The greatest advantage was the freedom it gave me to choose how I used my time and to explore a variety of opportunities. I developed a pattern of work that provided me the time to try new things, without needing them to deliver a particular result, and it was these experiences that were the most valuable.

As you would expect, one of the challenges of being self-employed was always the fear. The fear of where the next paycheque was coming from and where my career was going. But this was the thing that probably taught me the most. I learned I could rely on myself to creatively problem-solve. I learned how to work with and keep clients. I learned about managing my finances and accounting. I also learned how supportive my friends and family around me could be and how important that was.

Who are your biggest creative inspirations, and how have they inspired/influenced you?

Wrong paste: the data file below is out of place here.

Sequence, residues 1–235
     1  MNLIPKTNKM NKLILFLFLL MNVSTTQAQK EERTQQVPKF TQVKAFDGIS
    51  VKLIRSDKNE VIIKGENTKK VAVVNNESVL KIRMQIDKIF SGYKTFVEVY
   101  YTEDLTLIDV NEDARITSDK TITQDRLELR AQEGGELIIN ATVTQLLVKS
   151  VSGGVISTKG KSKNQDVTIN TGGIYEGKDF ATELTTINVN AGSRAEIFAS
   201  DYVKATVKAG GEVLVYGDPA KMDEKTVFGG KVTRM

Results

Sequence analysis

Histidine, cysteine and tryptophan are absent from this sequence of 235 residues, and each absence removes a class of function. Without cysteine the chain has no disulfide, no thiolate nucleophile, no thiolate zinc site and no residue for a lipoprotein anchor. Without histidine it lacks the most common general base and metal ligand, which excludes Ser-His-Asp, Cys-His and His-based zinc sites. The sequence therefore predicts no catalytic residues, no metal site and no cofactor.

Joseph Campbell, who wrote The Hero with A Thousand Faces, a book that studies the symbols used in mythology throughout history, has been a big influence. When listening to conversations with him, his approach to life places great value on individuals learning to take their own path. Ken Robinson’s philosophy on education and creativity has also been an incredibly encouraging influence.

I’ve also always admired the work of Pixar and when I read Ed Catmull’s book, Creativity, Inc., in which he describes his role managing a creative company like Pixar, it helped clarify what I wanted my own role and ambitions to be. He details how he worked to foster a constructive, creative culture at the company, solving problems and aiding communication— ultimately so that the creatives felt empowered to do great work.

What has been your proudest professional achievement to date, and why?

I am currently working with a group of brilliant creatives, directing animations for big international brands. It is the kind of job I want to go back in time and tell my younger self that he’ll be doing one day. He would be thrilled.

Beyond the actual work I am doing, I think it’s the experience of working with other creatives that I enjoy the most. I am most proud when I brief someone and see them get excited about an idea, and then they return with incredible work that I couldn’t have even imagined that they clearly enjoyed making. Seeing others grow and feel proud of what they have accomplished is what inspires me the most to continue on this path.